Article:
• Each member profile can contain entries, and each entry can comprise information associated with a profile. For example, a person's member profile can contain: personal information, such as relationship status, birth date, age, children, ethnicity, religion, political view, sense of humor, sexual orientation, fashion preferences, smoking habits, drinking habits, pets, hometown location, passions, sports, activities, favorite books or music, television, or movie preferences, and favorite cuisines; contact information, such as email addresses, location information, instant messenger name, telephone numbers, and address; professional information, such as job title, employer, and skills; educational information, such as schools attended and degrees obtained, and any other suitable information describing, identifying, or otherwise associated with a person. A business' member profile can, for example, contain a description of the business, and information about its market sector, customer base, location, suppliers, net profits, net worth, number of employees, stock performance, contact information, and other types of suitable information associated with the business.
  • A member profile can also contain rating information associated with the member. For example, the member can be rated or scored by other members of the member network 200 in specific categories, such as humor, intelligence, fashion, trustworthiness, sexiness, and coolness. A member's category ratings can be contained in the member's profile. In one embodiment of the member network, a member can have fans. Fans can be other members who have indicated that they are “fans” of the member. Rating information can also include the number of fans of a member and identifiers of the fans. Rating information can also include the rate at which a member accumulated ratings or fans and how recently the member has been rated or acquired fans.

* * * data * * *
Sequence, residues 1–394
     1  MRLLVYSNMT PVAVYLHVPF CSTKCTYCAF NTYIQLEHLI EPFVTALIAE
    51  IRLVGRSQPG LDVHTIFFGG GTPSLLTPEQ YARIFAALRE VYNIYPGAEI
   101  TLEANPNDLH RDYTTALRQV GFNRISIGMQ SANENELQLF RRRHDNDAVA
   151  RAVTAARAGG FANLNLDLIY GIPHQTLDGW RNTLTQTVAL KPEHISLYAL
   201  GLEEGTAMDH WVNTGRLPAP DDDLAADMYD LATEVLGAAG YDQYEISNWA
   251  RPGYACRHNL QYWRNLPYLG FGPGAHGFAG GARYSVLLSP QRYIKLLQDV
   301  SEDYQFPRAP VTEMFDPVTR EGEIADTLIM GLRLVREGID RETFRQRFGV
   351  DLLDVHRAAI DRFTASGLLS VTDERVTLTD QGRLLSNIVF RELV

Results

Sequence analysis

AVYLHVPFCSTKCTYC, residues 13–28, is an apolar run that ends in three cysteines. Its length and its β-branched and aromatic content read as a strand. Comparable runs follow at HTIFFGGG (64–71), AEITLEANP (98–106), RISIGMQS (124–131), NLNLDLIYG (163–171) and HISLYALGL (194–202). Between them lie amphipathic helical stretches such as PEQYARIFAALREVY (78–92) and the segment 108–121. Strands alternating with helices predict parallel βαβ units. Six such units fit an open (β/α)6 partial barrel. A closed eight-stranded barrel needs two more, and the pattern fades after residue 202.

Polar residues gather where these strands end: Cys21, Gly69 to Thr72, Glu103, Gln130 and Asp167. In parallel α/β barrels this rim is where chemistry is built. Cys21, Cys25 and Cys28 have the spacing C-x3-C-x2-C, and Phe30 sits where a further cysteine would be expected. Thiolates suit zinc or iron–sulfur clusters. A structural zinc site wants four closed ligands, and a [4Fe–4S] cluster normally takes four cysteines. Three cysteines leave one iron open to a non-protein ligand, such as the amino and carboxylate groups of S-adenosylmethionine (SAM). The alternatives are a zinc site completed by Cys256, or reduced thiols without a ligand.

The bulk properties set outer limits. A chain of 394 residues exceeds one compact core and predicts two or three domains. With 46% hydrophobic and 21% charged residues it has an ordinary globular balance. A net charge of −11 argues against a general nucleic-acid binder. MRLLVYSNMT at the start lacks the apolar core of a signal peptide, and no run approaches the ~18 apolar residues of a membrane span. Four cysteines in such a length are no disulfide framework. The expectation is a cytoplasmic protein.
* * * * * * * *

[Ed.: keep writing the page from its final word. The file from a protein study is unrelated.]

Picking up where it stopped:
• A member profile can also contain membership information associated with the member. Membership information can include information about a member's login patterns to the member network, such as the frequency that the member logs in to the member network and the member's most recent login to the member network. Membership information can also include information about the rate and frequency that a member profile gains associations to other member profiles. In a member network that comprises advertising or sponsorship, a member profile may contain consumer information. Consumer information may include: the frequency, patterns, types, or number of purchases the member makes; information about which advertisers or sponsors the member has accessed, patronized, or used; and/or information about a member's behavior, e.g., areas of the member network and/or other articles that the member previously accessed and viewed.